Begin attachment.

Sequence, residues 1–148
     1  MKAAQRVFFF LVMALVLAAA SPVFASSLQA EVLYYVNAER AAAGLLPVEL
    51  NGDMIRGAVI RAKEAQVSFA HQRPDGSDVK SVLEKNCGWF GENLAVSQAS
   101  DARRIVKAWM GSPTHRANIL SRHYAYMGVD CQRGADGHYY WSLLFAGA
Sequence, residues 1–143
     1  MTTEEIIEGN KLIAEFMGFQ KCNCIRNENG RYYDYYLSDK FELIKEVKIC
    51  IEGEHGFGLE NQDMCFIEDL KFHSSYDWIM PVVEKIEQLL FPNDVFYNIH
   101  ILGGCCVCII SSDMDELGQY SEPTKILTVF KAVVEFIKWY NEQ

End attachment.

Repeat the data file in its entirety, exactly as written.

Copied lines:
Sequence, residues 1–148
     1  MKAAQRVFFF LVMALVLAAA SPVFASSLQA EVLYYVNAER AAAGLLPVEL
    51  NGDMIRGAVI RAKEAQVSFA HQRPDGSDVK SVLEKNCGWF GENLAVSQAS
   101  DARRIVKAWM GSPTHRANIL SRHYAYMGVD CQRGADGHYY WSLLFAGA
Sequence, residues 1–143
     1  MTTEEIIEGN KLIAEFMGFQ KCNCIRNENG RYYDYYLSDK FELIKEVKIC
    51  IEGEHGFGLE NQDMCFIEDL KFHSSYDWIM PVVEKIEQLL FPNDVFYNIH
   101  ILGGCCVCII SSDMDELGQY SEPTKILTVF KAVVEFIKWY NEQ